Of course something can smell like sunshine! You can smell anything: rainbows, kittens, pleasant thoughts. Only catch is that you have to associate a smell with those things, and the smell isn't inherent to the object. A rainbow might smell like rain, for instance, because it comes after a shower. That student loan you took out to study classical languages for four years might carry a whiff of burning money.
So if we look at it that way, then sure, something can smell like sunshine. Laundry hung on the line. Your baby nephew. Heck, even that student loan. Why not? It's your perception. One researcher even found that when she asked people to smell Parmesan cheese, they found the scent pleasant — until a week later, when she claimed the odor was vomit instead. Suddenly, those same people were disgusted by the exact same smell [source: Wack].
But the truth is that the sun itself doesn't have a smell — or if it does, we can't get a whiff of it. So what we're left with is the "smell" of outside air. And that's where the story gets interesting, because it turns out that air really does smell differently based on whether it's a warm, sunny day or a cold one. It's not related to the sun but instead has to do with how odor molecules move. In warm air, they circulate freely, while in cold air, they move slower [source: Sohn].
A warm day will simply produce more smells, in other words. And that isn't so crazy when you think about your morning coffee. Put a steaming cup on your desk in the morning, and its waft is heavenly. Leave it there all day, and by afternoon, that cold cup of joe isn't going to tempt your nose. In that sense, there's some truth to the idea that seasons smell differently. If the weather has been 80 F (27 C) for three months straight and the temp suddenly drops to 60 F (16 C), we might register that the seasons are changing because our smells are dampened.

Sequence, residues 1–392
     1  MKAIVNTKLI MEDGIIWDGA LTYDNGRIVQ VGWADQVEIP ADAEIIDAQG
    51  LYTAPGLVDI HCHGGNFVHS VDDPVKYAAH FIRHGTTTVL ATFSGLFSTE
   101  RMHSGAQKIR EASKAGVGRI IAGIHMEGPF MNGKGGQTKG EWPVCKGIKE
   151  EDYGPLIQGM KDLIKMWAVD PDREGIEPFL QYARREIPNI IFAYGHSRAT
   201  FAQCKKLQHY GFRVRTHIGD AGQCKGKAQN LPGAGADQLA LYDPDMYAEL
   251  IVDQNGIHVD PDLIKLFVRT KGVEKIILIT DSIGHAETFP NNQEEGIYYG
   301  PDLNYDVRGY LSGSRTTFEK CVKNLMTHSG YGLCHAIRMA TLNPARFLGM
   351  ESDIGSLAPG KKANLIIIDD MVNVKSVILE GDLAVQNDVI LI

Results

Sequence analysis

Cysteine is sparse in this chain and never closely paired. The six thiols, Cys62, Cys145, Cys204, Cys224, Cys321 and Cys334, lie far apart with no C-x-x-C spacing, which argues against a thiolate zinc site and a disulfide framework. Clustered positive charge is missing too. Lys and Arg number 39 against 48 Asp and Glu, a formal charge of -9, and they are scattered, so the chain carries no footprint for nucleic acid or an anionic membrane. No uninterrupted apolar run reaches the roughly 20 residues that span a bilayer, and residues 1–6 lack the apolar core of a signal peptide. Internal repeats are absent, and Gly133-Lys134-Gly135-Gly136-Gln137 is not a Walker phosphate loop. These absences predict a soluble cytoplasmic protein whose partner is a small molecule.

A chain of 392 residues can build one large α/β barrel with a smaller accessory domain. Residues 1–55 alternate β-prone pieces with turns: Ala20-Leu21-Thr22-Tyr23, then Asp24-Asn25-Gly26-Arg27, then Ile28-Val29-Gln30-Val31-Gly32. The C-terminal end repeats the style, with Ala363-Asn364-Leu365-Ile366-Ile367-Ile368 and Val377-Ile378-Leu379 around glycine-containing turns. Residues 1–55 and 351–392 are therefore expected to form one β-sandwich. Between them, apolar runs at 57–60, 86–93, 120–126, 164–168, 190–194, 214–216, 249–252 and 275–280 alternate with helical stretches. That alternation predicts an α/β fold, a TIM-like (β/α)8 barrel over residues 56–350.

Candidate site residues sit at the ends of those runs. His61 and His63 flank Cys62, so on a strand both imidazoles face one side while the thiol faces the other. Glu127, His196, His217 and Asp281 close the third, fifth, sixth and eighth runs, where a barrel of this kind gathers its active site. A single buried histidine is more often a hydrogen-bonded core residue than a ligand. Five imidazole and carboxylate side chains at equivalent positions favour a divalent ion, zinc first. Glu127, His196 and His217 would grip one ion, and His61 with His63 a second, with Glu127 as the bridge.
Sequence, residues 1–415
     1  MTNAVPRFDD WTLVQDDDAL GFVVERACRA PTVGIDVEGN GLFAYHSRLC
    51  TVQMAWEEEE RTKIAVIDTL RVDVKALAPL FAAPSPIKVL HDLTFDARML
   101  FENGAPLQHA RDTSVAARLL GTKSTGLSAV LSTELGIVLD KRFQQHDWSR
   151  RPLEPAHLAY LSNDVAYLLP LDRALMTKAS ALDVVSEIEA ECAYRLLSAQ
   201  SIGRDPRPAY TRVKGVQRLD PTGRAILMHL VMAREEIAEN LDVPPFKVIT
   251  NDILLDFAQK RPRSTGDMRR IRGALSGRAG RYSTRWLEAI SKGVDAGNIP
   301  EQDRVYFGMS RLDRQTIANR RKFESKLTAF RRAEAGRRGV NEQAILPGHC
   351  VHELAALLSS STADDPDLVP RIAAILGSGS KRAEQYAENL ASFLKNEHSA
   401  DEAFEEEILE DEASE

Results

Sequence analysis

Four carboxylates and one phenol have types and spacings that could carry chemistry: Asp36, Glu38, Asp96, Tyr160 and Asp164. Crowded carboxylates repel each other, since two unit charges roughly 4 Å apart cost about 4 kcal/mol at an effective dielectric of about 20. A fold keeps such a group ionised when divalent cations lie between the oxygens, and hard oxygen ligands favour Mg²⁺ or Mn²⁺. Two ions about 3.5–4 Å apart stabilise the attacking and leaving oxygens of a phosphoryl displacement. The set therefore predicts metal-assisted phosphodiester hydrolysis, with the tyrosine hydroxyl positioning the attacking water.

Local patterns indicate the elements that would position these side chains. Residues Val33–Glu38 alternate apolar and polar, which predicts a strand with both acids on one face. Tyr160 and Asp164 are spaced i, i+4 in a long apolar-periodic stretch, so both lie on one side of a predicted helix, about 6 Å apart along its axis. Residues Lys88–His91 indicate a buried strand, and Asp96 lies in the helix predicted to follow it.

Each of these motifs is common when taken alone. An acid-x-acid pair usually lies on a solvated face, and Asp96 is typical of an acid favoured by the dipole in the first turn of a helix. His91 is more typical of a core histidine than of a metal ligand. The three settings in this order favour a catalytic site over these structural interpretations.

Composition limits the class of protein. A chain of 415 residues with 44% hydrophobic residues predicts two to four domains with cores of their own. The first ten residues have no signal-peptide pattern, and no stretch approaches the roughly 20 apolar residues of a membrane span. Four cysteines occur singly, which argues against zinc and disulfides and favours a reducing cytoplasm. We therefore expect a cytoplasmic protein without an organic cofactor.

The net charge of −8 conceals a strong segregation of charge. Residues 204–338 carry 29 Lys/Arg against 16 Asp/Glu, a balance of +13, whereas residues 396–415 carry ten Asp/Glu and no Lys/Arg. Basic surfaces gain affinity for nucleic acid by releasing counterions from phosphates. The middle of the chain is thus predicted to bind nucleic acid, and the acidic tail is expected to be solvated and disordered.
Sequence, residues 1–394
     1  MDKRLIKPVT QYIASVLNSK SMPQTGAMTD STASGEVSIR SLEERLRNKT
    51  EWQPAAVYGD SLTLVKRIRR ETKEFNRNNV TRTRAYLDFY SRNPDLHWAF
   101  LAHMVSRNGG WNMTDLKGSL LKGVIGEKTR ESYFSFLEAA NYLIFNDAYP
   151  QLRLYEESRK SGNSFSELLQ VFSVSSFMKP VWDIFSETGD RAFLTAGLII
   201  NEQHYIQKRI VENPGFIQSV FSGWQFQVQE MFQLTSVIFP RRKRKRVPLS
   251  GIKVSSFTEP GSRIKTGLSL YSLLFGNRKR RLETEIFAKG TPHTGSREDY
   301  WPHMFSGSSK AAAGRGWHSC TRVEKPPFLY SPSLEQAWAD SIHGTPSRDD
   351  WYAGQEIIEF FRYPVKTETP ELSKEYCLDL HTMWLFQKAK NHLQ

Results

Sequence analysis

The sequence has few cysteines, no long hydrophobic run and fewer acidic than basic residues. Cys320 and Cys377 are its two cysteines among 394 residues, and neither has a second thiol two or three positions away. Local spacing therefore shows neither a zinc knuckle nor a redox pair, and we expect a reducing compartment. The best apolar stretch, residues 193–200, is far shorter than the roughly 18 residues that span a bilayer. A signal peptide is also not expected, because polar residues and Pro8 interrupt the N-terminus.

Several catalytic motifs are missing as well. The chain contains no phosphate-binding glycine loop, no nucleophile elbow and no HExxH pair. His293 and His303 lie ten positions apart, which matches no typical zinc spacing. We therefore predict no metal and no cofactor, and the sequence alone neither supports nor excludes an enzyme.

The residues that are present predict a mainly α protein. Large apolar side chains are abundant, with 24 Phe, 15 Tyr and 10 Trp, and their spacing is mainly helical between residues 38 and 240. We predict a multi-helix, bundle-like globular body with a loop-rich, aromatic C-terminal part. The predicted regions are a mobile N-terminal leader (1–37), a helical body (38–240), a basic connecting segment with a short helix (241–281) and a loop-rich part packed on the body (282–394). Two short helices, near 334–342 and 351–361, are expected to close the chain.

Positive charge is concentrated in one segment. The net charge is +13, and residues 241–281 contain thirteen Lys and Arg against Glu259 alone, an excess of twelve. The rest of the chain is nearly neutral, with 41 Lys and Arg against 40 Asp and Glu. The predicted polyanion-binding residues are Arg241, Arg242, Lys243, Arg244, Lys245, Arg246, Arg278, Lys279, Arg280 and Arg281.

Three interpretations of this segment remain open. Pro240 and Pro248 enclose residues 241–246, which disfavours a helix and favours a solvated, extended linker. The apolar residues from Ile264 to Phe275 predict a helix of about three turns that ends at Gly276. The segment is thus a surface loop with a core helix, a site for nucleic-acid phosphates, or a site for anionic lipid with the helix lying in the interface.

But let's step back a bit and talk more about space. Although we can't yet claim a scent for the sun, scientists have found that the center of the galaxy might be more delicious than expected. At the heart of the Milky Way is a huge cloud of dust and gas; researchers were hoping to find evidence of amino acids, which would in turn be evidence of life in the universe. What they found instead was ethyl formate, the chemical that gives raspberries and rum their flavor and smell [source: Sample].
Yup, our universe might smell like a batch of sorority punch. Which might just smell like sunshine to you.
- Sample, Ian. "Galaxy's Centre Tastes of Raspberries and Smells of Rum, Say Astronomers." The Guardian. April 20, 2009. (Jan. 2, 2015) http://www.theguardian.com/science/2009/apr/21/space-raspberries-amino-acids-astrobiology
- Sohn, Emily. "Why Cold Air Smells Different." Discovery News. Jan. 14, 2014. (Jan. 2, 2015) http://news.discovery.com/human/life/why-cold-air-smells-differently-140114.htm
- Wack, Arianne. "Seasons of Smell." Radiolab. Nov. 7, 2013. (Jan. 2, 2015) http://www.radiolab.org/story/seasons-smell/